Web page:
On August 30, 2019, California Gov. Gavin Newsom signed a new bill extending the deadline for compliance with the new sexual harassment prevention training requirements (signed in to law in 2018) by one year. Under SB 778, employers with five or more employees now have until Jan. 1, 2021, to have their employees complete the mandatory one- or two-hour sexual harassment prevention training to be compliant. In management, you have to have a plan for addressing sexual harassment in the workplace, and you should provide training on at least an annual basis, because sexual harassment is, first, a crime, but it is also an expensive one that threatens the viability of your operation.

Sexual harassment incidents trouble the work environment by establishing a negative setting that can ruin working relationships, lower productivity, result in costly administrative actions and even more expensive litigation. You need protect your employees from sexual harassment and educate them on the explicit policy, encouraging them to report violations freely. Adherence to the sexual harassment company policy is essential. A ‘zero tolerance’ policy is the best option. This will help you avoid liability and disciplinary action by fulfilling your management responsibilities. It will also help reduce the number of sexual harassment incidents.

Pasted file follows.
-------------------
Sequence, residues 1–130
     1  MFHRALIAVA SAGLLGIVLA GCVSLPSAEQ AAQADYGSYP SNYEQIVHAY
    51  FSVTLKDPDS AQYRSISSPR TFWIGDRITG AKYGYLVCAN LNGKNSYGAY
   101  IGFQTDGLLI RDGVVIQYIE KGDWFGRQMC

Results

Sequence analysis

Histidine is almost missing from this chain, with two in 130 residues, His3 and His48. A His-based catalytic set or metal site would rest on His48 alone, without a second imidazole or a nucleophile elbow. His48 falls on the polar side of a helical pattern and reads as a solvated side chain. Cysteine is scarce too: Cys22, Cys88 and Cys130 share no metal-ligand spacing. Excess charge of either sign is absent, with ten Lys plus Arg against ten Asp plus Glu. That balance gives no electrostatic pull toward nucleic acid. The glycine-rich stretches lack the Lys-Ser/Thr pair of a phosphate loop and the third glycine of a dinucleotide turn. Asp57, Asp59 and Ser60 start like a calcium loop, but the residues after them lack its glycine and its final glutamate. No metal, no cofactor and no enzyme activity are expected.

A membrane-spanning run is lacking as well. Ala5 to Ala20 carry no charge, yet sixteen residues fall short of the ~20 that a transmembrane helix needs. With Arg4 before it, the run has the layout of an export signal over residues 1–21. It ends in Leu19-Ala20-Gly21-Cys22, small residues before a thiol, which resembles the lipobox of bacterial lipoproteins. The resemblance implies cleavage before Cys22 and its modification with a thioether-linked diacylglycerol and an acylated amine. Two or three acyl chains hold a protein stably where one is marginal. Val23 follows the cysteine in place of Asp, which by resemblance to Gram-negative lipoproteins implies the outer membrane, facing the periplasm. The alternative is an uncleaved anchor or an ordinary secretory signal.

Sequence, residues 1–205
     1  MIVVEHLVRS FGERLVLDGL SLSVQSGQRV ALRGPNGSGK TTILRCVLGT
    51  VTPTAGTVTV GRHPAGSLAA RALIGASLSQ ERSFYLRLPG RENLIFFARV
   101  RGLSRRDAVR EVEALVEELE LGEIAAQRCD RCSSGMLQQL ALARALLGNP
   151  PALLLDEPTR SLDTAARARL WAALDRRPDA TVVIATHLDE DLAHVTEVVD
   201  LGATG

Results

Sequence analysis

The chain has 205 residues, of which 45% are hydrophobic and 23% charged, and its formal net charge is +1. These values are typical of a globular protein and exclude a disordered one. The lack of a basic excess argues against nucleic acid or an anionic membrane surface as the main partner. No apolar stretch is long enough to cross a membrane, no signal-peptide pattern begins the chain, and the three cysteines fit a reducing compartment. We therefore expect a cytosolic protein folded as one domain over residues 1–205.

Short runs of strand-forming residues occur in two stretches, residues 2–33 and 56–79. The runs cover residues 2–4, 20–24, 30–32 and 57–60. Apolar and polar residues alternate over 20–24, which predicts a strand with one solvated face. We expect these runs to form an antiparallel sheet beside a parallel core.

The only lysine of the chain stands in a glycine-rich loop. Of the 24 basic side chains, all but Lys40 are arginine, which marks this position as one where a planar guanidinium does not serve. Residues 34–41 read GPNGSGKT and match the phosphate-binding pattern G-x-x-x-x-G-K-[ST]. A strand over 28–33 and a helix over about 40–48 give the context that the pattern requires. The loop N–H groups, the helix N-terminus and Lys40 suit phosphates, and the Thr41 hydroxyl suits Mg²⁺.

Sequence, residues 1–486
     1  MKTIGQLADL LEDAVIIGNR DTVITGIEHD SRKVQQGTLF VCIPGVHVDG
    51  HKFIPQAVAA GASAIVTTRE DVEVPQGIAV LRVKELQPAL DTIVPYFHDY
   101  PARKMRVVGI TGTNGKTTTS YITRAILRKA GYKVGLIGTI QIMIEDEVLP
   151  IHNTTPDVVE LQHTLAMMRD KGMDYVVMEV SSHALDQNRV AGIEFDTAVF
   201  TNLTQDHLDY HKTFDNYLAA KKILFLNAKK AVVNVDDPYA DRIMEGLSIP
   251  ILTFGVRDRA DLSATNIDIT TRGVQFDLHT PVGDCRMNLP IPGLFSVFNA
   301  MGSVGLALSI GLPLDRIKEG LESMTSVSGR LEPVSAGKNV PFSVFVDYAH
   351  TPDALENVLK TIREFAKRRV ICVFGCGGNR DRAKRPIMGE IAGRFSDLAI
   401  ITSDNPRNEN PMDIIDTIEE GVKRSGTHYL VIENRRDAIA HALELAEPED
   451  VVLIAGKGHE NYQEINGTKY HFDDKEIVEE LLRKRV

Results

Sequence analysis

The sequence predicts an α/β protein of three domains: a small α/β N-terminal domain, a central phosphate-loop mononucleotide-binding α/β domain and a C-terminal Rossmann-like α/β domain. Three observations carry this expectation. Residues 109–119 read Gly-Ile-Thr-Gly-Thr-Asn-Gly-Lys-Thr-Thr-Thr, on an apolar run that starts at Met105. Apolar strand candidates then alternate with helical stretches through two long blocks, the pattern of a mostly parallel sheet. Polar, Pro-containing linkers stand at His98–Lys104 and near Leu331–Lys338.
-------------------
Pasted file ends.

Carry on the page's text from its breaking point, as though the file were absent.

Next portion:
Employers are liable for unlawful harassment by supervisors. Supervisory authority is determined by a person’s job function rather than job title. An individual is qualified as a supervisor if the individual has authority to:

  • Undertake or recommend tangible employment actions affecting the employee, or;
  • Direct the employee's daily work activities.

Employer Responsibilities Under California AB 1825

  • Provide all managers and supervisors with sexual harassment training.
  • Ensure the company has a written sexual harassment policy.
  • Distribute the written company policy to all employees.
  • Have managers/supervisors read and acknowledge receipt of the company’s written harassment policy.
  • Ensure the company policy includes a complaint process with appropriate sanctions for inappropriate behavior.
  • Provide an alternate reporting avenue beyond the employee’s immediate supervisor (e.g., HR or Senior Manager).
  • Express strong disapproval of sexual harassment.